I also do not do hand sanitizer or special anti-bacterial soaps. We have a dog (supposedly kids that are exposed to pets are less likely to develop dander allergies.) We don't, like, make a point of getting filthy or anything, but I don't worry a ton about germs. So far no allergies, but we only have one and he's only 4, so we'll see....
-Alissa, mom to Tristan (5) and Reid (the baby!)
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I think this theory is right on, along with the other things Lisa and Jessica have brought up.
It is very anecdotal but I can usually guess which kids in my classes will have allergies and they are also the ones that refuse to get dirty. I have seen parents that make their kids wash their hands on the way into class, on the way out and then the moms carry sanitizer in their purse.
I also think though that it has a lot to do with over use of antibiotics. And this will probably get flamed, but also vaccines. A good friends DD has to see a pulmonary doctor on a regular basis, and he mentioned that every time a new vaccine comes out he sees a marked increase in kids with asthma
Molly, Morgan, Mia and Carson
I think that asthma tends to be overdiagnosed in wealthier families and underdiagnosed in poorer families. Why? Families with money and good insurance are more likely to take their children to the doctor (sometimes too often). And unfortunately a Momma with a Coach purse and fashionable outfit seems more credible than a Momma with stained clothes and tennis shoes with holes.
I think ALL of this makes sense. I also agree about the economic issue, but it might not be so much about credibility necessarily as just being more proactive about preventive health, understanding that something might be a chronic condition, etc.
But we also skip the hand sanitizer and all the excessive freaking out about germs.
Of course sometimes these allergies do just happen, and I think thinks like lactose intolerance just get recognized more but were often an issue before now. But all of these things everyone has mentioned contribute.
Laurie, mom to:
Nathaniel ( 10 ) and Juliet ( 7 )
Baking Adventures In A Messy Kitchen (blog)
Interesting theories. I would love to know the cause of Asthma. I grew up in NY and never had Asthma. No signs of it, never and problems breathing. Moved to TN and a few years later developed Asthma. I am more inclined to believe it is because I started to gain weight as an adult, but I am not sure. There were a lot of other changes that could have been the cause. Moving from the country to the city being one of them.
ETA, asthma attacks can be caused by moving to new areas with different allergens. There are different triggers for different people. Sometimes people can have asthma LIKE symptoms and not have full asthma. Have you had a PFT, Pulmonary Lung Fuction Test?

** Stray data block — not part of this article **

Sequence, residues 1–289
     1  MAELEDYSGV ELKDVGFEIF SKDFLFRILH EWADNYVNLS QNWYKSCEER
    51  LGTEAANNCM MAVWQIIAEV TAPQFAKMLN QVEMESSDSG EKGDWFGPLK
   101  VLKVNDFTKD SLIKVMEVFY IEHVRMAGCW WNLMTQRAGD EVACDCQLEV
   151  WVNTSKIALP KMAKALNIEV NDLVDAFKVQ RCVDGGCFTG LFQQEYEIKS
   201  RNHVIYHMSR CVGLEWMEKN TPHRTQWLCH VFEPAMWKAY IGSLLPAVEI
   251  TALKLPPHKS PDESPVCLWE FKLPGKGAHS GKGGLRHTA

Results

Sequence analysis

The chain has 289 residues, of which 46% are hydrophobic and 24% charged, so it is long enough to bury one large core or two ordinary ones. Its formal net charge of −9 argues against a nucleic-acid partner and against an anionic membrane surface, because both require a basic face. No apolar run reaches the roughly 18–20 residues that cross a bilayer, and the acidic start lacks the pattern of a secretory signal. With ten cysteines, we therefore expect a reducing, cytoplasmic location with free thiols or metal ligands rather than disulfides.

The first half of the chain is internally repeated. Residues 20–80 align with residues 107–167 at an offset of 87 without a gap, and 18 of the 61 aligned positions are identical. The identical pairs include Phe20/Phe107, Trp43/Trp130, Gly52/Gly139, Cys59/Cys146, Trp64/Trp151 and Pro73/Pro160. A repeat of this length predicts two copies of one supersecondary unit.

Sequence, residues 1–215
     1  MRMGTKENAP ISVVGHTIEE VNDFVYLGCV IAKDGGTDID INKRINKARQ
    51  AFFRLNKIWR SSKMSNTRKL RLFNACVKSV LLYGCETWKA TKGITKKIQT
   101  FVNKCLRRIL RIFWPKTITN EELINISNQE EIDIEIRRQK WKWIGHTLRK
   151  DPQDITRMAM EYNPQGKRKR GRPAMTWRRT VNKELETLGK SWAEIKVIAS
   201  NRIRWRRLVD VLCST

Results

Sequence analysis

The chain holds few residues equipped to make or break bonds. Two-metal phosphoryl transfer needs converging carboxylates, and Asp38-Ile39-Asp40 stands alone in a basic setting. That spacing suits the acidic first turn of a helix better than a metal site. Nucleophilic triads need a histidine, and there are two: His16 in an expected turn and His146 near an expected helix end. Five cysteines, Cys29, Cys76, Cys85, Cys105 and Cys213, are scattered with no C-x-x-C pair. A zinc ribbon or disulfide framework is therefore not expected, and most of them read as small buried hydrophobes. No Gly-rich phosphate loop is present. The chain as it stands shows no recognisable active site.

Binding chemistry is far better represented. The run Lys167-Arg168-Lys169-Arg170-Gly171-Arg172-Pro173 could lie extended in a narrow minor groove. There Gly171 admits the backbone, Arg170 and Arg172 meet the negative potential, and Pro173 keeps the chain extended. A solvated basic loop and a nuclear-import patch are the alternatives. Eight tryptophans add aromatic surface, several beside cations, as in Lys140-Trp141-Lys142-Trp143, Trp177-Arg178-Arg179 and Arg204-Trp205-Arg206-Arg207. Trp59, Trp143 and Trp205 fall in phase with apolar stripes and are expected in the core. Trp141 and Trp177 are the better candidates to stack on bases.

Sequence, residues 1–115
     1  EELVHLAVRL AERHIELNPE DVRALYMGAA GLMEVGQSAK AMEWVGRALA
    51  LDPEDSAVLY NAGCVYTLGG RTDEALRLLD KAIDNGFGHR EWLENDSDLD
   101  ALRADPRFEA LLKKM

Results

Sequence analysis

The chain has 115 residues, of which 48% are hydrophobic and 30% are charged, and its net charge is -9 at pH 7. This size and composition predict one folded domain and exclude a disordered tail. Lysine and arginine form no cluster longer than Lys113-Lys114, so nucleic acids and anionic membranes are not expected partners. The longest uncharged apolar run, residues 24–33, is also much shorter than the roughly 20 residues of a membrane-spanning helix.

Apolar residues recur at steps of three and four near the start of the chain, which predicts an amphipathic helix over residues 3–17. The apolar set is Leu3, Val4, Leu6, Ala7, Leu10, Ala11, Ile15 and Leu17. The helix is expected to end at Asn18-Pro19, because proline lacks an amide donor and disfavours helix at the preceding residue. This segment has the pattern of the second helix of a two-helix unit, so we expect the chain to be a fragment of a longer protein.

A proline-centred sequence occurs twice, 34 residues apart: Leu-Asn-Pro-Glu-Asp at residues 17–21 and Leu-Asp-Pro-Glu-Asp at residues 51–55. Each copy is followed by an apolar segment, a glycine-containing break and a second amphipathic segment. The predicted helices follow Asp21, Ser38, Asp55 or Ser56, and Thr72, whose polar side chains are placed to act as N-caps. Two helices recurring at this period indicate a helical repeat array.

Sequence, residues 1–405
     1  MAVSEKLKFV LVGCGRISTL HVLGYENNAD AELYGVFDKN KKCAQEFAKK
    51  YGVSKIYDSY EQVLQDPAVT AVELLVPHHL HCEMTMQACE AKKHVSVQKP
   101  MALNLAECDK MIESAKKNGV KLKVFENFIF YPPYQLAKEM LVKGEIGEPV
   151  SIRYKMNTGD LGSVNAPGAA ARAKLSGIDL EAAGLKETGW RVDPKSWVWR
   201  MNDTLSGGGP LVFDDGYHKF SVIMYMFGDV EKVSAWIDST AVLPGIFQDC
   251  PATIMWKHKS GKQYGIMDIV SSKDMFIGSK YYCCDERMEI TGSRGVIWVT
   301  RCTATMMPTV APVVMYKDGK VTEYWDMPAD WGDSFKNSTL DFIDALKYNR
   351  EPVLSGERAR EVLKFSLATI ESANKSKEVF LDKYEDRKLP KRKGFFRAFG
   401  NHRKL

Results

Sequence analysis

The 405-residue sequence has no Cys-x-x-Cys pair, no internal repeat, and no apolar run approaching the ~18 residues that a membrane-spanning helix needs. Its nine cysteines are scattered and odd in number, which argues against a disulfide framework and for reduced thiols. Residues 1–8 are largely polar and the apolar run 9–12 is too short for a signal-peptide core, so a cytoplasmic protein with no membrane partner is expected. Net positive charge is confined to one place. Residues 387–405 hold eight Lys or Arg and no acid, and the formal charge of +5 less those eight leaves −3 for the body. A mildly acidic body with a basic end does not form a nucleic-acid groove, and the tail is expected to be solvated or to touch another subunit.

I wanted to include this too in case it can help you:
Last edited by myyams; 11-14-2012 at 10:54 AM.
Asthma is, or at least can start out as, a very vague, dismissible, puzzling collection of symptoms. I don't know why Ben got asthma. Maybe it had something to do with the fluid trapped in his lungs for the first week - under the oxy hood and then the isolete. IDK. Maybe it had something to do with immunity he got from me while bfing. As soon as he was weaned at a year all his problems started. For him the trigger is respiratory viruses. He could never just have a cough - it always turned into pneumonia or bronchitis or tonsillitis and his oxygen levels would drop with wheezing and really intense in-drawing. The most recent thing was RSV last January which triggered his airways to slam shut. Oxygen levels in the 70s is very very bad and he was in the hospital for 4 days. So, at least for our family, flu shots and vaccines are important, especially the ones that prevent respiratory issues. I wish there was a vaccine for RSV.
You need to buy him a pulse ox meter to monitor his oxygen saturation levels. I am not sure if the adult size will work correctly for kids. I've tried mine on my kids and it seemed fine, right in line with what mine were at that time. I think I paid $40 for mine. The only thing is that it tells how much oxygen saturation is in the blood but not how effectively it's being distributed. But, still oxy sat is important.
It is puzzling. Some people have issues from birth and some develop them later in life. I was very exposed as a kid to all sorts of everythings. So the hygiene theory doesn't really work out in my case. I get sick a lot and that is just how it is. My kids are very exposed to all sorts of things but they do get sick a lot. My oldest is more prone to getting sick than the others. Usually he is the one who starts everything. We're not germaphobes or ultra hygienic. My husband brings home lots of germs from work. IDK.
I think there are multiple factors and not one or two things creating this causation.
Last edited by myyams; 11-14-2012 at 11:16 AM.
The number one lesson I've learned since all these things started happening with Ben is to fight like hell, don't let yourself get pushed around by doctors, and never ever doubt yourself. As soon as I grew a backbone and knew I wasn't crazy I started getting answers about what was wrong with my son.
myyams, what is your name?
I know there definitely have been times I wished I had the pulse-ox meter at home, but I wonder if it would drive me mental? Would I be plugging him in every time he got a cough or sounded rattly in his chest? It definitely would give peace of mind though. I remember being so scared to take him home after the RSV in January. I could see his oxygen numbers on the monitor and I was afraid that he'd start crashing again but that I wouldn't know because he wasn't being monitored at home.